Nomadland Movie Review : Hauntingly melancholic portrait of loneliness, healing and introspection

Nomadland Movie Review

STORY: Following her husband’s death and losing his livelihood due to the Great Recession, Fern (Frances McDormand), a woman in her 60s, makes her RV her home and opts for a nomadic life. She roams the vast expanses of the US, taking seasonal low-wage jobs to maintain her minimalist lifestyle. Along the way, she meets elderly traveling companions for whom; the indefinite journey is not an escape but a way back to hope and healing.

Chloé Zhao’s profound adaptation of journalist Jessica Bruder’s book to the screen evokes deep thoughts and emotions about life, death, and everything in between. The intimate drama of the highway subverts the conventional perception of home, family, companionship, peace, possessions and a sense of belonging. When Fern is asked if she is homeless, she says, “I am homeless. I have a house (its avant-garde) ”. All your life you shove your way through the crowd, to make your future “safe”, but what good is that fight if you must sacrifice your present for it, with no guaranteed benefits in return? Youth keeps you busy and distracted, but old age highlights the tragedy of survival as death draws near.

Critical acclaim and Oscar buzz have made this quiet indie film by a 38-year-old Chinese filmmaker one of the most sought-after films of the season. Seeing grief-stricken seniors struggling to find work to stay afloat is not a pleasant experience. The slow pace and gloomy mood can be exhausting as they don’t filter out the tragedies surrounding isolation. Simmering poetic drama may therefore not warrant repetition of viewing, but it does have the resounding ability to strike a chord with everyone. At no point is the film intended to inspire. It only has a mirror of our society and it gives us control of reality in the wake of an economic crisis (2008). Inherently melancholic, Nomadland is an artistic portrait and exploration of wandering souls who want to be heard before leaving. His loneliness finds company and compassion in absolute strangers and fellow travelers, who do not believe in goodbyes, but “see you on the road.”

The spectacular cinematography of Joshua James Richards and the music of Ludovico Einaudi enhance the raw and earthy feeling of the story and the landscapes you observe. They give voice to the van, the road, the mountains, the rivers, the deserts and even the folding chair that gives Fern a moment of peace and stability. As an elderly single woman whose kind gaze contradicts her eccentric personality, Frances McDormand delivers a heartbreaking performance as she lets her eyes do the talking. Zhao keeps the movie of her as authentic as possible by featuring real-life nomads (Linda May, Swankie, and Bob Wells) who reveal what keeps them on the road. Peace, the sanctity of nature and their desire to be one with the people they lost, prevents them from settling down.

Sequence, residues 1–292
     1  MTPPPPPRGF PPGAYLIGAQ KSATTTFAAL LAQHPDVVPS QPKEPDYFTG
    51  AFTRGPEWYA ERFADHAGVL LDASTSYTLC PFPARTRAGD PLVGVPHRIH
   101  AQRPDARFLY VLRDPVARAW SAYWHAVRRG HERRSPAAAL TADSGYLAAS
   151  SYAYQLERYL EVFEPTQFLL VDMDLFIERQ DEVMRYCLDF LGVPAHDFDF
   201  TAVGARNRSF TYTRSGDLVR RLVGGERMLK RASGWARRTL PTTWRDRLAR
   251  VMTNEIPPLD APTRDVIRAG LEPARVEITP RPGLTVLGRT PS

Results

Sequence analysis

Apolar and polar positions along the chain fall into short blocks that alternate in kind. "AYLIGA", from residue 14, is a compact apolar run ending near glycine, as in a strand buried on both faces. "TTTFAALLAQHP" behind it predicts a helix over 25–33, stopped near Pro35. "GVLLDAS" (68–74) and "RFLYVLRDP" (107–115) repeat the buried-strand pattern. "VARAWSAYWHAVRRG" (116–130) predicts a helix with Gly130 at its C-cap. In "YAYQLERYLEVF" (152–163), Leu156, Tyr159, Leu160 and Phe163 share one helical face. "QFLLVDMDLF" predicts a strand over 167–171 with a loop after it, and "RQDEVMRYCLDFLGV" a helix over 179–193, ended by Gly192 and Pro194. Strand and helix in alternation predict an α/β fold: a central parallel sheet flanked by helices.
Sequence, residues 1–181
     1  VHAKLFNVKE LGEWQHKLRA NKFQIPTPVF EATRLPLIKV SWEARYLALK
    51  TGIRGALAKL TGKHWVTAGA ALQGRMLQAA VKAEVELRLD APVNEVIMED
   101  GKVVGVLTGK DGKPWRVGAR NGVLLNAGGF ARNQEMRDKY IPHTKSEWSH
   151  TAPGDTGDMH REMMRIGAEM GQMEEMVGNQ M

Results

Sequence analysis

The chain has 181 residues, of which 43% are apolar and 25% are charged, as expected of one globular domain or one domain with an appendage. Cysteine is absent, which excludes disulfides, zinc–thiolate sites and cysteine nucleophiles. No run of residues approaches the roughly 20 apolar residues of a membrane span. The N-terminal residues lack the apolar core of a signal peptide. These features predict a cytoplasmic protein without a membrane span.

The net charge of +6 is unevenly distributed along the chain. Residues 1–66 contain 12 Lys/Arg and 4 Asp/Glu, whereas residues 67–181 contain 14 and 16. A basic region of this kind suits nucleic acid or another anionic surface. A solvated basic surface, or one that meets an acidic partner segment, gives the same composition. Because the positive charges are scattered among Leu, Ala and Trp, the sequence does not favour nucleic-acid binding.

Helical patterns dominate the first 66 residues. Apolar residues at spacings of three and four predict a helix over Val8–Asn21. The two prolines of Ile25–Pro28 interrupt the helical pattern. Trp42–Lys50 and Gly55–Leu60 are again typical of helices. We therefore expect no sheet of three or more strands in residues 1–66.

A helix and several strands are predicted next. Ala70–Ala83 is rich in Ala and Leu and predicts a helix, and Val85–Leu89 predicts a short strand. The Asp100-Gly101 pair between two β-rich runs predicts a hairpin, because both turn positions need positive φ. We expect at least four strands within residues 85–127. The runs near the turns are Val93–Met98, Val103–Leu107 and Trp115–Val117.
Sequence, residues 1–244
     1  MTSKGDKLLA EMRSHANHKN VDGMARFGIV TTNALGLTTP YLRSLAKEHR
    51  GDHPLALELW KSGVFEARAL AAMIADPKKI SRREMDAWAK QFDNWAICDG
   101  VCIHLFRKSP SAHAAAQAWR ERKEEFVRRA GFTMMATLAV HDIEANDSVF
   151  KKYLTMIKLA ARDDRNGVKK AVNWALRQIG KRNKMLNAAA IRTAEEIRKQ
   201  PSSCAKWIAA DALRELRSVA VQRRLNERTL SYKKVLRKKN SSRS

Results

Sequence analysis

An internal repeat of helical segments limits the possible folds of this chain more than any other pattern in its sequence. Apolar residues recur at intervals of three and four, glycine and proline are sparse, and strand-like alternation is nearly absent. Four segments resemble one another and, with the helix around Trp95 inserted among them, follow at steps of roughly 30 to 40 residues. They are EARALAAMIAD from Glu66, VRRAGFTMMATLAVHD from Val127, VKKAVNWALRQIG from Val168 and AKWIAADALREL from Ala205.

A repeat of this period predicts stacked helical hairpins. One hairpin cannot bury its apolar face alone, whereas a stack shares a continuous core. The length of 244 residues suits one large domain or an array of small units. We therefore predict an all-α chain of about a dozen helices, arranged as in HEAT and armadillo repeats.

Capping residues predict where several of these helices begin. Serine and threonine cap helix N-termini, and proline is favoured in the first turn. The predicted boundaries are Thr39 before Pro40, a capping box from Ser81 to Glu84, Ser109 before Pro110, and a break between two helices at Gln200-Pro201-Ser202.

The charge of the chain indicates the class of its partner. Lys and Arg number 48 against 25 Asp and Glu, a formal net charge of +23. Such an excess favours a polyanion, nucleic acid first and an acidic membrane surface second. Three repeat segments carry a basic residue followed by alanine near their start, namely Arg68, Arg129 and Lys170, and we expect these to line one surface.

Contrary to the common assumption that nomads seek comfort by “running away,” these are the people who want to work, earn a living, but lurk on the fringes of an aging, consumerist, and capitalist society. Freedom has a price. “You need to change your own tires, clean up your own shit, and take charge of your own lives.” A life alone is not a comfortable life. They may not stay in one place for long; but each has a mind that has not moved … from pain, loss or separation. Beyond his fight for survival, there is a heart that has not been healed. As Fern says, “What is remembered lives. I spent too much of my life remembering Bob (her late husband). “Nomandland rebuilds our faith in humanity and our ability to help others, heal, and survive because we are never truly alone. As Fern rightly concludes, ‘Eternal Summer Never will fade away … ‘

Directed byChloé Zhao
Produced byFrances McDormand Peter Spears Mollye Asher Dan Janvey Chloé Zhao
Screenplay byChloé Zhao
Based onNomadland: Surviving America in the Twenty-First Century
by Jessica Bruder
StarringFrances McDormand David Strathairn Linda May Swankie
Music byLudovico Einaudi
CinematographyJoshua James Richards
Edited byChloé Zhao
Highwayman Films Hear/Say Productions Cor Cordium Productions
Distributed bySearchlight Pictures
Release dateSeptember 11, 2020 (Venice) February 19, 2021 (United States)
Running time108 minutes
CountryUnited States
Budget$5 million
Box office$5 million

Nomadland Movie Cast

  • Frances McDormand as Fern
  • David Strathairn as Dave
  • Linda May as Linda May
  • Charlene Swankie as Swankie
  • Bob Wells as himself
  • Derek Endres as Derek
  • Peter Spears as Peter
  • Tay Strathairn as James

Nomadland Movie Trailer

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